This morning for breakfast, I cut up some pieces of banana for my 6-month old son, some of
which he was able to mash up in his hands and guide into his mouth, some of which ended up
stuck to various parts of his body, but most of which ended up on the floor. As a new parent, I
was excited to introduce solids through baby-led weaning, but what I did not anticipate was the
food waste associated with this approach.
In contrast to introducing your baby to solids through purees and spoon feeding, baby-led
weaning focuses on providing your baby with finger food, and allowing them to feed themselves
as they develop their dexterity and oral skills. The learning curve is steep, so not all food ends
up in your baby’s mouth. From an environmental perspective, the food wastage is hard to
stomach. Setting expectations are key for this approach: food will miss your baby’s mouth as
they learn to feed themselves, but there are some ways that you can stick with this approach
and remain an environmentally conscious caregiver.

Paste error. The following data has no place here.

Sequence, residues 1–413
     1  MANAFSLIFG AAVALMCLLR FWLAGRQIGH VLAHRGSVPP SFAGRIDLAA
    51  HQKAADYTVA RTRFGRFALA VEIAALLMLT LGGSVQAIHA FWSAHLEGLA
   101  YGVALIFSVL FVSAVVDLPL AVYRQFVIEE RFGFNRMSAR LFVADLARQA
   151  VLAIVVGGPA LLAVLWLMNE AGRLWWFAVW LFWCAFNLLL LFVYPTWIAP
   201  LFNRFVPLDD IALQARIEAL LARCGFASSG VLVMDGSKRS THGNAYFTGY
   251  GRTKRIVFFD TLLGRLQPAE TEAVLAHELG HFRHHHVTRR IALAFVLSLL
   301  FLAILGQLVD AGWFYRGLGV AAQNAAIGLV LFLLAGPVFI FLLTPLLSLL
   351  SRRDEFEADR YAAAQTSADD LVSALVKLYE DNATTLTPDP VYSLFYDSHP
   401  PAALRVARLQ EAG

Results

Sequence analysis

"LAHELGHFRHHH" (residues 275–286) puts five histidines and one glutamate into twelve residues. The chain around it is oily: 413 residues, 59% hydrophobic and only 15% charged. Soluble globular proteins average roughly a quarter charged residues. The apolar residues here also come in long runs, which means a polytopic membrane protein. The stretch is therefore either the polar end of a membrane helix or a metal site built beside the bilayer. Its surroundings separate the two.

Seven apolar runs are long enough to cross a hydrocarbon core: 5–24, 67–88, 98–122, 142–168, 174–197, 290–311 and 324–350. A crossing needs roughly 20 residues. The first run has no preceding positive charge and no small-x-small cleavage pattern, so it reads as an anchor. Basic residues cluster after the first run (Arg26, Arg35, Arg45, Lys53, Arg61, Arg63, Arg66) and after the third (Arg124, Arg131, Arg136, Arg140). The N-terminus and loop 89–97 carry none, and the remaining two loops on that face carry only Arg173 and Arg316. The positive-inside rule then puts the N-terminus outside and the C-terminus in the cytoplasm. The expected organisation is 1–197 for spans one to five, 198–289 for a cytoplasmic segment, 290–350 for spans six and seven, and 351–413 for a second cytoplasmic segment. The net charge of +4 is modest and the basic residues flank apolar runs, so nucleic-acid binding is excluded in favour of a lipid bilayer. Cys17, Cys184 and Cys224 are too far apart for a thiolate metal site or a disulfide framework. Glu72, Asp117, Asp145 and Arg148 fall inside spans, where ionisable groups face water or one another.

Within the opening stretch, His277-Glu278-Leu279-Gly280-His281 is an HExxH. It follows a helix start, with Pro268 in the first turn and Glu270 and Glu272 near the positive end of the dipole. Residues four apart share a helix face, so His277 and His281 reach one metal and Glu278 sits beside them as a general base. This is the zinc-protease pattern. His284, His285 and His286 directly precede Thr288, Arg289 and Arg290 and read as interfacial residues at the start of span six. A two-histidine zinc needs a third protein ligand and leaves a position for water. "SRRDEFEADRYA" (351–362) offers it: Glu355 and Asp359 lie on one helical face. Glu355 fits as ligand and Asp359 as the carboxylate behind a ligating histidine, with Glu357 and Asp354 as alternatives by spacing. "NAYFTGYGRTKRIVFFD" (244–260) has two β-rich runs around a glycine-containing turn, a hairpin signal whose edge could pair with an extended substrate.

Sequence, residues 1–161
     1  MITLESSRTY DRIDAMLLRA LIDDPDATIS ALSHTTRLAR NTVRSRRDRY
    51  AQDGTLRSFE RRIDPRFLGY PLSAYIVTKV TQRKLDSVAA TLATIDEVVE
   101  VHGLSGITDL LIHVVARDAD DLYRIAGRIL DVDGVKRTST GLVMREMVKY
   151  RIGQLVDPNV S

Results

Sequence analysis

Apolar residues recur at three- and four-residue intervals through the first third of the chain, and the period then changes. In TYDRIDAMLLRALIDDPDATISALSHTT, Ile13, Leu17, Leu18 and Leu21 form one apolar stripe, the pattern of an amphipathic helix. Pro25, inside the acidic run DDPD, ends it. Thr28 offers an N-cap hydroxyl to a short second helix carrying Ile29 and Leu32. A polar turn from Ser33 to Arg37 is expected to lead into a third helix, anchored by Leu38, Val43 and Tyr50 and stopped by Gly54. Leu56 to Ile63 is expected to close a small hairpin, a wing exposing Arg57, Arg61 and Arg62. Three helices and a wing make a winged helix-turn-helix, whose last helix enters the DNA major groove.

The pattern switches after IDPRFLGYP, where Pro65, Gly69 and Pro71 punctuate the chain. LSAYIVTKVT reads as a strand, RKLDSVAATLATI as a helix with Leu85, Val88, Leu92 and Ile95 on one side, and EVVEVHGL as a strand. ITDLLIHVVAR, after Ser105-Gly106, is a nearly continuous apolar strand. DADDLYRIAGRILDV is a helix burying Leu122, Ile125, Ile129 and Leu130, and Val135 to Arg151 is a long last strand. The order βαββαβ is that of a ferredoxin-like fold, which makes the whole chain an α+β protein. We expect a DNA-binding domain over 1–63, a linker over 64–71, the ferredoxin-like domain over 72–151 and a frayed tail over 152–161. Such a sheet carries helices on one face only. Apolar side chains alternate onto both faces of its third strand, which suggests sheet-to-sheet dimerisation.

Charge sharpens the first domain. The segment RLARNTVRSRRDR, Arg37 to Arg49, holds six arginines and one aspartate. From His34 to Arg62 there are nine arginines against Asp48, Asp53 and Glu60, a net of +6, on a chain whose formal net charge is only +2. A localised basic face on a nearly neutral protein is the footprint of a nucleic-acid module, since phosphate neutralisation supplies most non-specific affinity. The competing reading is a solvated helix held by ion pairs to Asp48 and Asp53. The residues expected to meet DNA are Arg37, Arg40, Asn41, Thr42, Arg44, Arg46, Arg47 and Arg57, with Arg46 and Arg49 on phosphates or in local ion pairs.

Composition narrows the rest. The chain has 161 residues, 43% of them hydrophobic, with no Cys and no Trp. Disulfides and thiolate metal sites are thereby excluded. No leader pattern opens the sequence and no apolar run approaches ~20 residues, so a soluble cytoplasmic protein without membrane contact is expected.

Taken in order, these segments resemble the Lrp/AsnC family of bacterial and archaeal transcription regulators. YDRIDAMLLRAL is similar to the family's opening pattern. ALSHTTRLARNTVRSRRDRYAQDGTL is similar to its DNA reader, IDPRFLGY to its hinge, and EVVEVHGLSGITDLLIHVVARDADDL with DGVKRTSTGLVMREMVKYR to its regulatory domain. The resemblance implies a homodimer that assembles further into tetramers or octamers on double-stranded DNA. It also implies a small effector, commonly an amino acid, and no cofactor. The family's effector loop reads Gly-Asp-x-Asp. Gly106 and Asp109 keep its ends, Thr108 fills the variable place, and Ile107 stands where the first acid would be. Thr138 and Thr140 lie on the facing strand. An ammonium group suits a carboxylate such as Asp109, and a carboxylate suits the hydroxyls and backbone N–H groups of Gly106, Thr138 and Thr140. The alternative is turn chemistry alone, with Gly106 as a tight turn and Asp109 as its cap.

● Take care to prepare appropriate portion sizes for your baby. Baby stomachs are small
so you need only make a little bit of food compared to adult portions.
● Place an easily cleaned table cloth beneath your feeding area, so that you can salvage
any bits of food that fall to the floor.
● If you have the space, set yourself up a compost for the food that ends up
● Feed your baby in-season and locally grown produce, when possible.
Thinking big picture, baby-led weaning is shown to help your child develop self-regulation
around food, and can support a diverse palette. These skills will lend themselves well when your
child is more independent and eating outside of the home. Although I’m currently seeing a lot of
food waste surrounding me with this approach, I envision a future where my son returns home
with his lunch box empty because we have developed a good awareness of his food
preferences and his levels of consumption.